1. ITV Report

Wonga collapse: What you need to know if you have a loan

Wonga’s website says customers are still required to repay any outstanding money in line with their repayment agreement (Dominic Lipinski/PA) Photo: PA Archive/PA Images

Wonga’s 220,000 customers are being urged not to be tempted to stop making repayments.

Here is a look at how customers are affected:

– What will happen to my Wonga loan?

Wonga’s website says customers are still required to repay any outstanding money in line with their repayment agreement.

The home page of Wonga’s company website said they had stopped taking new loan applications Credit: Yui Mok/PA

The Financial Conduct Authority (FCA) also said customers should continue to make any outstanding payments in the normal way.

The FCA will continue to supervise Wonga and said it is in close contact with the proposed administrators “with regard to the fair treatment of customers”.

The independent Money Advice Service (MAS) is also urging people to keep up their repayments.

Caroline Siarkiewicz, head of UK debt advice at the MAS, said: “While some may see today’s news and be tempted to stop repayments, it is important they carry on as normal.

“Regardless of ongoing speculation over the future of Wonga, customers who have entered into a loan agreement must fulfil it.”

– Can I get a new loan from Wonga?

The firm is no longer able to issue new loans.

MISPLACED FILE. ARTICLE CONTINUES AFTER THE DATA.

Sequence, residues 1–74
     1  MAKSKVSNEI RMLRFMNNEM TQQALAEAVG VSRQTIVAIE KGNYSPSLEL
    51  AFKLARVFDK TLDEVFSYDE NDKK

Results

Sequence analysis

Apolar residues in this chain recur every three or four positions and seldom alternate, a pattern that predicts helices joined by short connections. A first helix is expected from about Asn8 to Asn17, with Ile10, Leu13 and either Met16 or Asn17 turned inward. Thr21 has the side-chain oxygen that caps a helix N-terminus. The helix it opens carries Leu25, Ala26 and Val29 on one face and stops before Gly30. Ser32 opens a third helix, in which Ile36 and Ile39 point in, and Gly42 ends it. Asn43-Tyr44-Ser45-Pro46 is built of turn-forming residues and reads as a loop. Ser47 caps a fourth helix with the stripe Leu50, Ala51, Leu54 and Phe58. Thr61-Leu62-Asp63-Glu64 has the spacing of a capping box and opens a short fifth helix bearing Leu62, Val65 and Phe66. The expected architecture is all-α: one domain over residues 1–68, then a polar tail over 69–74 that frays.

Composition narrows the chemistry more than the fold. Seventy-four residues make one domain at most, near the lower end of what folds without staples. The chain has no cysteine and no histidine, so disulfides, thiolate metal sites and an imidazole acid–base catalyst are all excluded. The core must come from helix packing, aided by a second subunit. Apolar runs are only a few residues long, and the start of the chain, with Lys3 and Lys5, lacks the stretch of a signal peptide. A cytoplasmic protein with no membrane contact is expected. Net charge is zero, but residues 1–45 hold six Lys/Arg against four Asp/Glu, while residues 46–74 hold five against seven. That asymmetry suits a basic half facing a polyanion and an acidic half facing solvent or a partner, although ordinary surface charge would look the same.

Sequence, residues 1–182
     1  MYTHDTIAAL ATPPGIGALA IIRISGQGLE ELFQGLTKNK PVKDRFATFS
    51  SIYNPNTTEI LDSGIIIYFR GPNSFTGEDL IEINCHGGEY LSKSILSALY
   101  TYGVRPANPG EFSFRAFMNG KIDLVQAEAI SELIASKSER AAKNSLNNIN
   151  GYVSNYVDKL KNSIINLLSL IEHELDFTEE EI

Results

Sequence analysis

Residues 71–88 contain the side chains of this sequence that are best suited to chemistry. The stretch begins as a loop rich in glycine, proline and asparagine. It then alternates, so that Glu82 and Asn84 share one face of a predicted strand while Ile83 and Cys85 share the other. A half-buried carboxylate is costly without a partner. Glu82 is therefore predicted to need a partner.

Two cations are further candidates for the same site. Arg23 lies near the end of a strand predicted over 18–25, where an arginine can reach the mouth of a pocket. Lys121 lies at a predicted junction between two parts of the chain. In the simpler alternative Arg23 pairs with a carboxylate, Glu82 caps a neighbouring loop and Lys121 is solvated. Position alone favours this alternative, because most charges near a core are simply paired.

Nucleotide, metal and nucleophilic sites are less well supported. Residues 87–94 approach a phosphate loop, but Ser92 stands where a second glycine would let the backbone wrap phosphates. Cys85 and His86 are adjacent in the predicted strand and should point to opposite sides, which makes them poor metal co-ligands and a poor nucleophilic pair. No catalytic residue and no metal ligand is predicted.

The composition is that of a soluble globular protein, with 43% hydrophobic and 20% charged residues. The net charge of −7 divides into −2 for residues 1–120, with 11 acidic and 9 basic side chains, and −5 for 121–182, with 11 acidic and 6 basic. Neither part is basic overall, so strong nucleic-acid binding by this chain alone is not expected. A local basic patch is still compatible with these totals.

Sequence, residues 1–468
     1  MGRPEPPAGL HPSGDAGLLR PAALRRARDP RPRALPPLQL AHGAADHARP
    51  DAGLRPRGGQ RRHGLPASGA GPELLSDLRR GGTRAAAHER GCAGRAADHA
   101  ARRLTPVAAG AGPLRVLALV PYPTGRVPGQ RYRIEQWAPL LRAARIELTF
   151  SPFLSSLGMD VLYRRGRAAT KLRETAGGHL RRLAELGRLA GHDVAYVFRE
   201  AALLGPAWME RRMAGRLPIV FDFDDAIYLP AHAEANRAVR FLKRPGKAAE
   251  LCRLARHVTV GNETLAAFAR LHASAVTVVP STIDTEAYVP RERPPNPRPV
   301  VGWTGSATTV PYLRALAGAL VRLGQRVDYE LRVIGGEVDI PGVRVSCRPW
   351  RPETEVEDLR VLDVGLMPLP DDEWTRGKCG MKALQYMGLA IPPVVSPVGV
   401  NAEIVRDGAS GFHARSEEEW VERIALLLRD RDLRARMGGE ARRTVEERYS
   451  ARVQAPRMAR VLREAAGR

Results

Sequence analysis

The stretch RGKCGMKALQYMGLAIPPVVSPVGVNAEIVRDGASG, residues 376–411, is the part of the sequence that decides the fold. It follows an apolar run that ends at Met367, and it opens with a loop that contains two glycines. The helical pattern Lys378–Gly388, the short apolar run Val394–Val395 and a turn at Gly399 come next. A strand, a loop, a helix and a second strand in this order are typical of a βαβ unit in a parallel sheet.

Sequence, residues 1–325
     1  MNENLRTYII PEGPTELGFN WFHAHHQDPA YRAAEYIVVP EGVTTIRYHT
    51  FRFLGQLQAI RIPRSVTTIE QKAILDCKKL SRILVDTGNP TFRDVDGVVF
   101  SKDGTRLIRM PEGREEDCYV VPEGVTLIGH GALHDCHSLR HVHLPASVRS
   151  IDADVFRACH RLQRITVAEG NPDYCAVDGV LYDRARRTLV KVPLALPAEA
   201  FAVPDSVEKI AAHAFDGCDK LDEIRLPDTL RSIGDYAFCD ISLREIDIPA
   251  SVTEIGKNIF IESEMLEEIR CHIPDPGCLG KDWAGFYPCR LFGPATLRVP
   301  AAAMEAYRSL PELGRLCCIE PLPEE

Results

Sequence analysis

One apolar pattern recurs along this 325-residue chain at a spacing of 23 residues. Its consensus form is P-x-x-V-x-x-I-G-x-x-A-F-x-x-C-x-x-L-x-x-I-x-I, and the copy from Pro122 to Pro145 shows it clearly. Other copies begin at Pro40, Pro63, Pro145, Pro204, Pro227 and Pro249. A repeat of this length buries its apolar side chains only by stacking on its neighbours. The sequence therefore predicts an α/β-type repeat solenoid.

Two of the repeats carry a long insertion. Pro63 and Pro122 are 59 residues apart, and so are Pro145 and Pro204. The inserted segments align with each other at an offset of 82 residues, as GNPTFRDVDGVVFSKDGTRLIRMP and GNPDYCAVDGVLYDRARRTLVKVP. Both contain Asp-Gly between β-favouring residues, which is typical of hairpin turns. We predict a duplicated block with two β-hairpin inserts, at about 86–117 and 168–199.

Wonga’s website says: “You can continue to do everything that you have previously been able to do as a current customer,” but adds: “No further loans will be available from Wonga including our ‘top up’ facility.”

– Can I still make a complaint?

Wonga says any new customer complaints will be logged and assessed.

– What help can I get if I am worried about money?

Consumer experts urged people struggling with money problems to seek help.

Guy Anker, deputy editor of, said payday loans should “only be seen as a loan of absolute last resort”.

Wonga once sponsored Blackpool FC Credit: PA

He said instead of turning to such firms, “get advice from a debt charity which is there to help”.

Ms Siarkiewicz added: “I would urge anyone thinking they need to borrow money to shop around.

“If you’re clear about how much you want to borrow, what for, and over what timeframe, then there may be more affordable options available to you, even if you’re worried about your credit history.

“Talk to friends, family members or colleagues – pick their brains and get the benefit of their experience.

“Affordability is key, whether it’s you thinking about borrowing money, or financial services firms thinking about lending.”